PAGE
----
What do presidents mean for the market?

By DAVID MOON, Moon Capital Management
February 22, 2004

It appears that the democrats will select John Kerry as their warrior to battle Bush this fall. Predicting election winners is the province of serious thinkers and writers like Frank Cagle, Sam Venable and Charlie Daniel. Here, we only deal with the minutia and mundane: the money.

Common opinion often holds that republicans are friends of big business and, as such, are more friendly to folks who care about selfish pursuits like the accumulation of wealth.

But this may surprise you: since 1926, the stock market averaged a 14.8 percent average annual return while democrats occupied the White House. During republican administrations, the return was only 9.7 percent.

Adjusted for inflation, the relationship is similar: eleven percent for democrats versus 7.4 percent for republicans.

There are some other interesting tidbits. Seven times since 1926 a president served only a single term. In six of those instances, the stock market increased in the final year of a single term president. (Calvin Coolidge in 1932 was the lone exception.)

Every time a republican followed a democrat in the White House (four times), the stock market declined during the first year of the republican's administration. But in three of the four times democrat presidents succeeded republicans, the stock market increased in the first year.

My republican friends will accuse me of being a traitor to the cause by noting these facts. My handful of democrat friends will renew their efforts to convince me to vote for a real man of the people, like John Kerry. (Their efforts will fail.)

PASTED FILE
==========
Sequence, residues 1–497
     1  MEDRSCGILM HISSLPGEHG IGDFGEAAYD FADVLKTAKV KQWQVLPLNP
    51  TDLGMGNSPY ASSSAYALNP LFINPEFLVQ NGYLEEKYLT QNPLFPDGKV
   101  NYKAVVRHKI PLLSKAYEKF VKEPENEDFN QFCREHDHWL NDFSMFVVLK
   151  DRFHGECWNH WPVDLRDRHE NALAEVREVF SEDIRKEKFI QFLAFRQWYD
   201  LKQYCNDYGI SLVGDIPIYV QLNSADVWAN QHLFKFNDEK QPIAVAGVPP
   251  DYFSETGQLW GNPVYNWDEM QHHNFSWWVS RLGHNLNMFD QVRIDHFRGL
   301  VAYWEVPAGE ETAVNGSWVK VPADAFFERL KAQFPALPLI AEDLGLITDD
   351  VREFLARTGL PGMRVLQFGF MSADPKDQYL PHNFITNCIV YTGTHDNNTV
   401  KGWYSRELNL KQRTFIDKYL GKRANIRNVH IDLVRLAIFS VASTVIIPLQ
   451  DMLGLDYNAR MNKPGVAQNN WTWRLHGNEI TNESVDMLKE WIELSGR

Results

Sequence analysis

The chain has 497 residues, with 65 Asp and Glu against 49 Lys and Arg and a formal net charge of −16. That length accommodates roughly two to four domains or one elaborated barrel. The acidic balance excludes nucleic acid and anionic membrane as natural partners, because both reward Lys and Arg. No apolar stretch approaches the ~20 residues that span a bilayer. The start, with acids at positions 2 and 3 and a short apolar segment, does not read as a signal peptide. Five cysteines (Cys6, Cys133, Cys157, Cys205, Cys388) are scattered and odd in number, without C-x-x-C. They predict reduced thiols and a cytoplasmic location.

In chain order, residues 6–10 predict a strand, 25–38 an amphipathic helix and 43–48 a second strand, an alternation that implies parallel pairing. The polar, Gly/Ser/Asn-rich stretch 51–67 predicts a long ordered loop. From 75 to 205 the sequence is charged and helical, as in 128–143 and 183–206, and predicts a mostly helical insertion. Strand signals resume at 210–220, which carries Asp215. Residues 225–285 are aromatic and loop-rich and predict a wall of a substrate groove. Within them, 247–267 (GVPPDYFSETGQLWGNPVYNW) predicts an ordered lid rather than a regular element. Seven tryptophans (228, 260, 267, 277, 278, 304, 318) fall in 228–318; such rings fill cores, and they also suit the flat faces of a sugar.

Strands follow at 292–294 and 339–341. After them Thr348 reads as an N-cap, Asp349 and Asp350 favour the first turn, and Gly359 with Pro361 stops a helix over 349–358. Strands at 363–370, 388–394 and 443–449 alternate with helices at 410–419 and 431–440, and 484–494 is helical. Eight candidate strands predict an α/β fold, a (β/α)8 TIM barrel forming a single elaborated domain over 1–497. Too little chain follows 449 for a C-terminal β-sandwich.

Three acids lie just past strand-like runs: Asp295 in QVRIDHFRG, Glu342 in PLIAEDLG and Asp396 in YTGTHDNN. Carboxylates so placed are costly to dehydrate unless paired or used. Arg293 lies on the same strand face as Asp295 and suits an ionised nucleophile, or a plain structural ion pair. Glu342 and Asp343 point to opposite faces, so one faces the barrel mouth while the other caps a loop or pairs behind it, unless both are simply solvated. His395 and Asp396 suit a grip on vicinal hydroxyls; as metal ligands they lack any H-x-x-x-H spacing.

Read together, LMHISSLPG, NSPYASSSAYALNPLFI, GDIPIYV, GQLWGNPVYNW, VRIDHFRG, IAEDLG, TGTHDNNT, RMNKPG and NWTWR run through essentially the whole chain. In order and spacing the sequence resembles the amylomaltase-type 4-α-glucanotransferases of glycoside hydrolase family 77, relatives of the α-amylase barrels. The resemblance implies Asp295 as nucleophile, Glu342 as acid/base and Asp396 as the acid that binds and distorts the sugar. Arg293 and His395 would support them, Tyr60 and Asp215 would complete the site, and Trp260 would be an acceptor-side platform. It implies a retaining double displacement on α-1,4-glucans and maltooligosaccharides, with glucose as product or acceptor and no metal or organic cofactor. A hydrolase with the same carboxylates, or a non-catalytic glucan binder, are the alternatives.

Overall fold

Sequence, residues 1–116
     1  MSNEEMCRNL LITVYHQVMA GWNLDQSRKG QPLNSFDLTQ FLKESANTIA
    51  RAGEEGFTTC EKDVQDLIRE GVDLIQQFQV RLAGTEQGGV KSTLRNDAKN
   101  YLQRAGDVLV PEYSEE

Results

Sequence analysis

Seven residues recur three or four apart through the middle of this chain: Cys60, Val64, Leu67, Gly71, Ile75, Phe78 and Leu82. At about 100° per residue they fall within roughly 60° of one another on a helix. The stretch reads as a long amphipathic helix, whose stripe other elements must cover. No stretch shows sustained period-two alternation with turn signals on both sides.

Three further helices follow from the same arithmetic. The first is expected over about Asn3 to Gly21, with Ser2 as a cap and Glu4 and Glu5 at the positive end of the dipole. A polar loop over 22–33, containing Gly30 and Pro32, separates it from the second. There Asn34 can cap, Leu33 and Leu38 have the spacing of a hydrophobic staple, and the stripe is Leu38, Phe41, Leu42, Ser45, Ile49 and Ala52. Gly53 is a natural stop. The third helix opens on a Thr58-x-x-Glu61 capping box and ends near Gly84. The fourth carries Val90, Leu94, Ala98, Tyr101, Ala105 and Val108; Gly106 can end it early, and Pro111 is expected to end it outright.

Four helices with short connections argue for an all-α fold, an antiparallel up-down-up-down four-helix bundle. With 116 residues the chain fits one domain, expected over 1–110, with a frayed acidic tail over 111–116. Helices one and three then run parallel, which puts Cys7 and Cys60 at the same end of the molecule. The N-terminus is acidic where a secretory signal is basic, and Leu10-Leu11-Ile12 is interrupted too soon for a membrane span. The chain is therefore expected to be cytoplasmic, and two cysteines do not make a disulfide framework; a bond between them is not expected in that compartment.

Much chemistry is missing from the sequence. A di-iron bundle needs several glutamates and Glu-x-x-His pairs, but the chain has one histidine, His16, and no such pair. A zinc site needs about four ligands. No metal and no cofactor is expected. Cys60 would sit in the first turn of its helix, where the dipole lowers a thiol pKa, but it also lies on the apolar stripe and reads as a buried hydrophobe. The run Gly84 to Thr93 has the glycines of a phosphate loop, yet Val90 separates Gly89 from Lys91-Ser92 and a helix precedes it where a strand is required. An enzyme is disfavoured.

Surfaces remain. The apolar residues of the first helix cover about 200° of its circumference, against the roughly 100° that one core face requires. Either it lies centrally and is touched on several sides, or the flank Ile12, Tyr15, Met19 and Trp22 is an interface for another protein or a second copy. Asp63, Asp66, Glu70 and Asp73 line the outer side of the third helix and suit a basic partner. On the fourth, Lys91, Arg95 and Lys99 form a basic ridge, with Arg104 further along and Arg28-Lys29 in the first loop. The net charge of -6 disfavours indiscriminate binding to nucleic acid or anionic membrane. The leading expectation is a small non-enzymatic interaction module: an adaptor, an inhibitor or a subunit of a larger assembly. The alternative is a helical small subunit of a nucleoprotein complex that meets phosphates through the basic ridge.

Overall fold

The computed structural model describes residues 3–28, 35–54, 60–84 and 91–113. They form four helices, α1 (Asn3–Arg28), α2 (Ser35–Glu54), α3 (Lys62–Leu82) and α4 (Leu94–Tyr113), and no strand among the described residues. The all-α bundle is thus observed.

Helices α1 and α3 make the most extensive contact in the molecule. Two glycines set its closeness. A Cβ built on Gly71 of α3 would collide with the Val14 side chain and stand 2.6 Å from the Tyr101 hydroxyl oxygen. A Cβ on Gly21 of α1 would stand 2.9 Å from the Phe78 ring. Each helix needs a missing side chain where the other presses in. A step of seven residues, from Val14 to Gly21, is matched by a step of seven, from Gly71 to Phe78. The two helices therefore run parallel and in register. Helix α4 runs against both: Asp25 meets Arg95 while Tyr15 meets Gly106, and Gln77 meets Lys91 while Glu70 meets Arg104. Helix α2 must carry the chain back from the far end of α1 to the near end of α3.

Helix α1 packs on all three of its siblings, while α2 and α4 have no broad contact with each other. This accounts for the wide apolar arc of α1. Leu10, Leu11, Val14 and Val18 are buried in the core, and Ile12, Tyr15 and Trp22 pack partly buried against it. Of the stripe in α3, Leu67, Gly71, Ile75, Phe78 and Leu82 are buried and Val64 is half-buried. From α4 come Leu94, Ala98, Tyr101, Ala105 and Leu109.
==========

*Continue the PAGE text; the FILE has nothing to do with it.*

My point is not to influence your thinking about the election, but rather your thinking about the stock market. Just because there is an anecdotal correlation between two things doesn't mean there is any causal relationship. I could have just as easily presented statistics "proving" that the stock market performs better during wartime than peacetime. I have noticed that stock prices tend to rise during years in which I lose weight. (Perhaps I eat less when democrats are in office because high taxes limit my ability to purchase as much food. Just kidding.) Based on years of extensive work, our researchers at Moon Capital Management have discovered that the stock market increases following Super Bowl halftime shows in which any female performer accidentally exposes her right nipple. (This correlation only holds true if the performer is the sister of an accused child molester.)

Since stock prices tend to increase over time, changes in stock prices will positively correlate with any similar patterns. But the reason stock prices tend to increase is due to increasing earnings and general growth in the economy. Yes, there are times that the U.S. economy doesn't grow. And there are times earnings at specific companies do not increase. And there are times that stock prices move in opposite direction from the short-term movements in the economy and corporate earnings. But in the long term, these and other real economic factors are what determine stock prices - not presidents.

David Moon is president of Moon Capital Management, a Knoxville-based investment management firm. This article originally appeared in the News Sentinel (Knoxville, TN).

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